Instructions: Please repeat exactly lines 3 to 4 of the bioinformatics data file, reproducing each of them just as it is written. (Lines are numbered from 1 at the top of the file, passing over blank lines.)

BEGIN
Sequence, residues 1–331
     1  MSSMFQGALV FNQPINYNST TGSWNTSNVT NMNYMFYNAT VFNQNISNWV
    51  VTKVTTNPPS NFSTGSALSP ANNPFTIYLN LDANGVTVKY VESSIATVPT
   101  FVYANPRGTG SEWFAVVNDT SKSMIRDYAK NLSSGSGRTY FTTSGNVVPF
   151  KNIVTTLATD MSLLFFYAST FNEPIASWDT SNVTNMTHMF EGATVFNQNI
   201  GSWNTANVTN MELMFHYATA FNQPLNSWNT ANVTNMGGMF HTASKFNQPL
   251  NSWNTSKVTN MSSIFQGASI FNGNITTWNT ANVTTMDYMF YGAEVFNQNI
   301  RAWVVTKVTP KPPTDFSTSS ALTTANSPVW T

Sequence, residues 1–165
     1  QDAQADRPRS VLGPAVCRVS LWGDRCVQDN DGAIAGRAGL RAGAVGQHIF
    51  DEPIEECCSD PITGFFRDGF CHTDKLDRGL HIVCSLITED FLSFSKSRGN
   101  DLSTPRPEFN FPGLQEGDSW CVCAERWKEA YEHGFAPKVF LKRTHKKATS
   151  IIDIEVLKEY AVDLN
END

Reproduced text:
    51  VTKVTTNPPS NFSTGSALSP ANNPFTIYLN LDANGVTVKY VESSIATVPT
   101  FVYANPRGTG SEWFAVVNDT SKSMIRDYAK NLSSGSGRTY FTTSGNVVPF